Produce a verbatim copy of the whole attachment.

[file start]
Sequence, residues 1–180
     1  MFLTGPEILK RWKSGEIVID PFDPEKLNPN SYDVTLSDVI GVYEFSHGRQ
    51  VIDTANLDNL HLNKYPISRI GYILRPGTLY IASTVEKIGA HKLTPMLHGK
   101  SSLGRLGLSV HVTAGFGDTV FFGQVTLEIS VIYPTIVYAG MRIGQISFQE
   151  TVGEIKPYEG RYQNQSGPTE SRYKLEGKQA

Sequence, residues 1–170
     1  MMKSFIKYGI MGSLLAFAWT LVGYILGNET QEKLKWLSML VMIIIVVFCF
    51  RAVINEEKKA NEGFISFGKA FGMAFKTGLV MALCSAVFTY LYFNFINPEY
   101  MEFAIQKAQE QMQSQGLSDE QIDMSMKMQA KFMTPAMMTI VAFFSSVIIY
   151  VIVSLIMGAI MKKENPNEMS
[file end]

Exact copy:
Sequence, residues 1–180
     1  MFLTGPEILK RWKSGEIVID PFDPEKLNPN SYDVTLSDVI GVYEFSHGRQ
    51  VIDTANLDNL HLNKYPISRI GYILRPGTLY IASTVEKIGA HKLTPMLHGK
   101  SSLGRLGLSV HVTAGFGDTV FFGQVTLEIS VIYPTIVYAG MRIGQISFQE
   151  TVGEIKPYEG RYQNQSGPTE SRYKLEGKQA

Sequence, residues 1–170
     1  MMKSFIKYGI MGSLLAFAWT LVGYILGNET QEKLKWLSML VMIIIVVFCF
    51  RAVINEEKKA NEGFISFGKA FGMAFKTGLV MALCSAVFTY LYFNFINPEY
   101  MEFAIQKAQE QMQSQGLSDE QIDMSMKMQA KFMTPAMMTI VAFFSSVIIY
   151  VIVSLIMGAI MKKENPNEMS